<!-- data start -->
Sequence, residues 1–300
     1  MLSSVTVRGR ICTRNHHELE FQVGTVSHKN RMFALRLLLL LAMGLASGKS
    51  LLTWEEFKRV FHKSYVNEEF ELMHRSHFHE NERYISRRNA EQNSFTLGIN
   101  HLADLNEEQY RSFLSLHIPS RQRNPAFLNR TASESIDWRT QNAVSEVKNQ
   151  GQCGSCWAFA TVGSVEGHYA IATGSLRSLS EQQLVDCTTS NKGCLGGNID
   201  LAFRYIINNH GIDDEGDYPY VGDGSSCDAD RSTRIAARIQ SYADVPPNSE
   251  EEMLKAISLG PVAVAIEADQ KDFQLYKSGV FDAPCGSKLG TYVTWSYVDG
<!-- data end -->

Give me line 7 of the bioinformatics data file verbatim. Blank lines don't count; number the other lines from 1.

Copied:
   251  EEMLKAISLG PVAVAIEADQ KDFQLYKSGV FDAPCGSKLG TYVTWSYVDG